The therapy for excess sweating is difficult and complex. There are many myths associated with the causes and thus many treatments have been developed. The majority of treatments are ineffective and even when they work; the duration of treatment is short term. The therapy can be challenging for both the patient and the physician.
Both topical and systemic medications have been used. Other treatment options include Iontophoresis and Botulinum toxin injections.
For mild sweating which is localized the following may help:
- use soaps which are bland and contain an emollient
- avoid spicy foods
- avoid excessive heat
- Use anti perspirants regularly for the axilla (Antiperspirants reduce the release of sweat, deodorants mask any unpleasant smell)
- Avoid clothes that more easily show up sweat marks.
- Wear loose clothing under the armpits, and preferably not made with man-made fibers such as lycra and nylon
- Change socks at least twice daily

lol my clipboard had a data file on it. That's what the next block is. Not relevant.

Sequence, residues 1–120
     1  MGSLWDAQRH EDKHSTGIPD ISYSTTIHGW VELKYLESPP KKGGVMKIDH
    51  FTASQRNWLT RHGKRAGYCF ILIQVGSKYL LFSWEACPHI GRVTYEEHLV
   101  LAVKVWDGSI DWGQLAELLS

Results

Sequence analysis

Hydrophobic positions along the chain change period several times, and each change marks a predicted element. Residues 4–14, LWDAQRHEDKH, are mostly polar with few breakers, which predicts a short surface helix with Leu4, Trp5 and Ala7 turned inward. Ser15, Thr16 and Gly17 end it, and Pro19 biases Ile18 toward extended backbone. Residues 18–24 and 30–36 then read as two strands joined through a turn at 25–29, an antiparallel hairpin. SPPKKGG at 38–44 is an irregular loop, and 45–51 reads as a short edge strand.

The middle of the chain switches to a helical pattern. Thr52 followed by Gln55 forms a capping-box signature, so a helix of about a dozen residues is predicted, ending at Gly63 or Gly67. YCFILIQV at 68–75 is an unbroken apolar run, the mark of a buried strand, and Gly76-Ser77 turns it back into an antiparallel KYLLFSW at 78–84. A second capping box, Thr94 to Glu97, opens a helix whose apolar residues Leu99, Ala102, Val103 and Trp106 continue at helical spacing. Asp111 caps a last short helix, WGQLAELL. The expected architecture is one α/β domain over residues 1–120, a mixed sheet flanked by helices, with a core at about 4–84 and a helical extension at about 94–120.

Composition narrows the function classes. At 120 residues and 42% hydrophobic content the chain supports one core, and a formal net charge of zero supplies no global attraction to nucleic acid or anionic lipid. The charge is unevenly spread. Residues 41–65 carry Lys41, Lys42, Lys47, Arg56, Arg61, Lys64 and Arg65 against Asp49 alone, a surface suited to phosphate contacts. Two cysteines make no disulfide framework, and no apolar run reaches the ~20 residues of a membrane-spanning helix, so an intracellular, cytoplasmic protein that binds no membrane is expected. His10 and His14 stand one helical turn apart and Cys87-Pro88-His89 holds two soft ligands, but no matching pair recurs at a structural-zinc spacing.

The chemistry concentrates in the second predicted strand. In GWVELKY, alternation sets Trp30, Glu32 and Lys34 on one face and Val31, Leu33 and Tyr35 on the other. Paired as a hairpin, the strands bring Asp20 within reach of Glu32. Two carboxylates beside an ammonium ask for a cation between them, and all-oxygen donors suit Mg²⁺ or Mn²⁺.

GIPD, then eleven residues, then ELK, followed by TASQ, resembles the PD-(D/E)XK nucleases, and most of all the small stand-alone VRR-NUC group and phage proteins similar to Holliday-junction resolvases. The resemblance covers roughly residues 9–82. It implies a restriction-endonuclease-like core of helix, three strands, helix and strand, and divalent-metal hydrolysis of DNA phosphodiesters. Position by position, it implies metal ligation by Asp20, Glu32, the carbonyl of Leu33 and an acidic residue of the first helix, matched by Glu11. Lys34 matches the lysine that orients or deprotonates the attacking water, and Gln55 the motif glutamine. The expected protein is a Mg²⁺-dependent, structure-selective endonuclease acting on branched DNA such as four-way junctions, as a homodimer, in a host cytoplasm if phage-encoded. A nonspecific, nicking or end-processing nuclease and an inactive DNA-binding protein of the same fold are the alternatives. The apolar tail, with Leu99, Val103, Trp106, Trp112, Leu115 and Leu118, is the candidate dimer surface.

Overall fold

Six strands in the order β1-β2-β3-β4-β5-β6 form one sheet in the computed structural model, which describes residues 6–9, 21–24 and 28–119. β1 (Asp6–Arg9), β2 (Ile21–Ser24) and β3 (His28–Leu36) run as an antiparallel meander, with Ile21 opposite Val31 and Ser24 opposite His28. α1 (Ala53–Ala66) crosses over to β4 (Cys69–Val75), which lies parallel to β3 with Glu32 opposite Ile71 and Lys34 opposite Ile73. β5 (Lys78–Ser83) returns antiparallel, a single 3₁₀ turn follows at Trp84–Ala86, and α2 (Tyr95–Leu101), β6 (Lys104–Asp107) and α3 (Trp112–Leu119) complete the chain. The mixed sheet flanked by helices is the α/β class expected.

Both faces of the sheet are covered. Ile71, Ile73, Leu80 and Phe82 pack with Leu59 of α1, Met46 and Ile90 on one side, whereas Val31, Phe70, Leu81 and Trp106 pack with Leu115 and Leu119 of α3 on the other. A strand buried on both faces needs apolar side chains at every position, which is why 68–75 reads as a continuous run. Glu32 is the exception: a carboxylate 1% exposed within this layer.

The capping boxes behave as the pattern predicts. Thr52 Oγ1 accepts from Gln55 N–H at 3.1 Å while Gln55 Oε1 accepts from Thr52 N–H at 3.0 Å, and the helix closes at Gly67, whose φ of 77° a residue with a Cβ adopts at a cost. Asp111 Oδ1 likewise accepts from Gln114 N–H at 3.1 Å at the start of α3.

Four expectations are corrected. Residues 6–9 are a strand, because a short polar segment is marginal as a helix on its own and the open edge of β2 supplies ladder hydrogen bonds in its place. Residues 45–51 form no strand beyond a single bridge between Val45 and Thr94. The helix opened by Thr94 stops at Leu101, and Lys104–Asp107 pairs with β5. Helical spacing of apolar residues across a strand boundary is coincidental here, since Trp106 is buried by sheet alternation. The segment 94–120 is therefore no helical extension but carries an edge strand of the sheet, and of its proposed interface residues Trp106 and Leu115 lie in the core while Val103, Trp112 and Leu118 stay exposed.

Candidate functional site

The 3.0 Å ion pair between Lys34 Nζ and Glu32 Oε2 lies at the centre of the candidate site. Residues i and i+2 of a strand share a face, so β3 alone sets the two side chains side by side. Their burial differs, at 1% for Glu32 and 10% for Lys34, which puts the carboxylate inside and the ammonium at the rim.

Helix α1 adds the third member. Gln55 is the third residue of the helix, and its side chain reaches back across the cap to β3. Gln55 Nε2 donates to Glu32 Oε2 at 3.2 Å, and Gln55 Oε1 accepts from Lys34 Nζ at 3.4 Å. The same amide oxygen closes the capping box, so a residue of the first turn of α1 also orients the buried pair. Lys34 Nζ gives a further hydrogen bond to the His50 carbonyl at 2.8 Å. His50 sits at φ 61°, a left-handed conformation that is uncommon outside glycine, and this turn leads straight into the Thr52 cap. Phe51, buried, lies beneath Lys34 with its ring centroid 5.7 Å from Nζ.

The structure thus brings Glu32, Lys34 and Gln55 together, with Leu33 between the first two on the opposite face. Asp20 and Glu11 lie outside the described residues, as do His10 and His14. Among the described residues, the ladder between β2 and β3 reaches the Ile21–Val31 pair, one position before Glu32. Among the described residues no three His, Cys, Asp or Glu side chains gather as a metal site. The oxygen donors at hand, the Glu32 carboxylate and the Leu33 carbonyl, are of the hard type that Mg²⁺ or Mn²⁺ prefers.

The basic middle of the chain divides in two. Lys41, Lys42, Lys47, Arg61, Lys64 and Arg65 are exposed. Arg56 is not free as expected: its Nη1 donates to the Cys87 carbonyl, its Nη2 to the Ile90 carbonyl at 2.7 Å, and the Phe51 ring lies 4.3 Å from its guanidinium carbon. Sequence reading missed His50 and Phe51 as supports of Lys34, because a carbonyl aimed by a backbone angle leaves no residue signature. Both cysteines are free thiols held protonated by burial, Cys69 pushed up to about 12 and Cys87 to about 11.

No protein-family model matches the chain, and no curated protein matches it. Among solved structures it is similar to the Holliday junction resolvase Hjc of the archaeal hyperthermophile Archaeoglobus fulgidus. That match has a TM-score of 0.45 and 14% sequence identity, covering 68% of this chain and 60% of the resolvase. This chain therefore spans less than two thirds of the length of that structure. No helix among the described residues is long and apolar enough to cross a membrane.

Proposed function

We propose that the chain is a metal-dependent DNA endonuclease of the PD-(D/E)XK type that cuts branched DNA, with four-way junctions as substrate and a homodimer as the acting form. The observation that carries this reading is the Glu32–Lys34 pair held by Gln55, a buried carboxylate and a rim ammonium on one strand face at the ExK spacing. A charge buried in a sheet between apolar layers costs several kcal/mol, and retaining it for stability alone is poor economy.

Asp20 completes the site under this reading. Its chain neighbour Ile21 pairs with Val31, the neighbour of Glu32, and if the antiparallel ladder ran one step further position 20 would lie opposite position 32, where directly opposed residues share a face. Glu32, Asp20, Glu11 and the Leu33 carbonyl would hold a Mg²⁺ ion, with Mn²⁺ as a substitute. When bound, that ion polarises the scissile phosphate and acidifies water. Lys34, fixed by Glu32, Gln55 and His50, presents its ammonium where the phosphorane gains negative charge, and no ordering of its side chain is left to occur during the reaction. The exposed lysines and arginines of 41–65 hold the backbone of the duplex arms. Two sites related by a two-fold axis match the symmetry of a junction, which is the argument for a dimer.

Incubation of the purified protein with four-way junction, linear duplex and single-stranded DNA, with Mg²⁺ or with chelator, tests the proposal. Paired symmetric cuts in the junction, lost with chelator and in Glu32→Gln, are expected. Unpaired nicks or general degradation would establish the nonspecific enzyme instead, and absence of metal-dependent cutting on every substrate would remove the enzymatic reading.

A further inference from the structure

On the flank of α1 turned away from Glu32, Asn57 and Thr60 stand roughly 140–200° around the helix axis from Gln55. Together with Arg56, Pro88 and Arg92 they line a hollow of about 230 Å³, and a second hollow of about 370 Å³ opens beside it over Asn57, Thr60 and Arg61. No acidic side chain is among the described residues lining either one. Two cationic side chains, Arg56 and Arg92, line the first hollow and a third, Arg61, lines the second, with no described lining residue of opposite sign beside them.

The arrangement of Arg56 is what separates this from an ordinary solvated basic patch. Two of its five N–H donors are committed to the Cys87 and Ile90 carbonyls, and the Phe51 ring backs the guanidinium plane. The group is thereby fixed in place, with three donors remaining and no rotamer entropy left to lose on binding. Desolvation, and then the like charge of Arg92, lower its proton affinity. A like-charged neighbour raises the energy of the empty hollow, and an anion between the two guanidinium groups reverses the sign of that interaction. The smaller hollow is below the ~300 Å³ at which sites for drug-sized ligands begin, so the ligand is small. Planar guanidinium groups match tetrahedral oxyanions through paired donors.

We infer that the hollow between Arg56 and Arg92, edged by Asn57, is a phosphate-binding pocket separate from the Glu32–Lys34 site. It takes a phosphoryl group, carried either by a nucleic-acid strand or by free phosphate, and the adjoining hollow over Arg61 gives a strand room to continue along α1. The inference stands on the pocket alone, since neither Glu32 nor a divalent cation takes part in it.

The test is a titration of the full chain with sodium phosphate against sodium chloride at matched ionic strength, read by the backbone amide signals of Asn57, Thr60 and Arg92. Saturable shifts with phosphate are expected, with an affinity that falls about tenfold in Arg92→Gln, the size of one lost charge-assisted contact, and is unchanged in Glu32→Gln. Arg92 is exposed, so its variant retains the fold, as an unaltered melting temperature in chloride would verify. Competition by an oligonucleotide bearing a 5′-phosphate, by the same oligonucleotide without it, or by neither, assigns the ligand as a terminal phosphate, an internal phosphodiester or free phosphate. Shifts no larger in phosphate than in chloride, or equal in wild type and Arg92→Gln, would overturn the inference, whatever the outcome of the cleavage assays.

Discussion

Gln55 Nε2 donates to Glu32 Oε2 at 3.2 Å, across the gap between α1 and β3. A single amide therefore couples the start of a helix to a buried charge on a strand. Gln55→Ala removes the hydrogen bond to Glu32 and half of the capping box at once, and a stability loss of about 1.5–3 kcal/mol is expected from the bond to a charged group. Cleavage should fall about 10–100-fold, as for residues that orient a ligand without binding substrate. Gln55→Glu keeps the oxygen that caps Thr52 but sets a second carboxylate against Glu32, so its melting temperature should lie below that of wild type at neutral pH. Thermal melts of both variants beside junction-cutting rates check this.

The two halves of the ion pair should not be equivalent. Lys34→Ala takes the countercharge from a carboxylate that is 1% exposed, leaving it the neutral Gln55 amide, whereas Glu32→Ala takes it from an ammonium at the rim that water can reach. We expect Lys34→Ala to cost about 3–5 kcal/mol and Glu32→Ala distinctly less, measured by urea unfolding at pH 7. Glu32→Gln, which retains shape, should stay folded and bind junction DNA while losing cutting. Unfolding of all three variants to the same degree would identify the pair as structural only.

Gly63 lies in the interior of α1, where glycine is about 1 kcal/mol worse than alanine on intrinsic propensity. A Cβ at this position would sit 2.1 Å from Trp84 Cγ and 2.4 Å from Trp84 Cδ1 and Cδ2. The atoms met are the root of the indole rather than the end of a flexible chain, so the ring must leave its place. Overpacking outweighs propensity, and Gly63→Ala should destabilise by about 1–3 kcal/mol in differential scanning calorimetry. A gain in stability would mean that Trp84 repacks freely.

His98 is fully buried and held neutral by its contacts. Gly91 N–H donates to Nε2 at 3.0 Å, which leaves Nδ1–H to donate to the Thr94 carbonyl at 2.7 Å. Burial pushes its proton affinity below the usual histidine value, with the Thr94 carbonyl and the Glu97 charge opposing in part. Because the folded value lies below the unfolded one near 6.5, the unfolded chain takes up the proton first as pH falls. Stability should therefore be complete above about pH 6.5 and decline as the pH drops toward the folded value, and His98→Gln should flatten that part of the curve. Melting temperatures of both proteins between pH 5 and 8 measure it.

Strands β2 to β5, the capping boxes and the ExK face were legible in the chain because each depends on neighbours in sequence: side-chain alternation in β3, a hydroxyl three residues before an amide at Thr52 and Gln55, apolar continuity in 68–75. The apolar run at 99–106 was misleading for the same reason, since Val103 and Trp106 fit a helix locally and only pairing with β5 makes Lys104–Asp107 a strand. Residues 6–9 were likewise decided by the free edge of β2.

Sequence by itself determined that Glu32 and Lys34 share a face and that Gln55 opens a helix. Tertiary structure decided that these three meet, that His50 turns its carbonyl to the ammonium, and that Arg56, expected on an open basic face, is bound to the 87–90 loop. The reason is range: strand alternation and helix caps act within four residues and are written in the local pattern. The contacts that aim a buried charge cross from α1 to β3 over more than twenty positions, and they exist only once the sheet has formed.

- Use an absorbent foot powder twice daily
- Wear a different pair of shoes on alternate days, to allow them to dry fully.
- Avoid running/sport shoes or boots, as these are likely to have an occlusive effect.
Deodorants and Anti perspirants
In people with significant axillary sweat or odor problems, deodorants and antiperspirants often fail to control the sweat or odor. Anti cholinergic medication, such as Robinul, offer temporary relief and may cause total body dryness and drowsiness. Drysol also dries the skin and requires lengthy treatment, causing a temporary result. Oral medication such as Robinol offer temporary relief however it may create body dryness.
When these measures fail to control the sweating, other alternative may have to be tried out.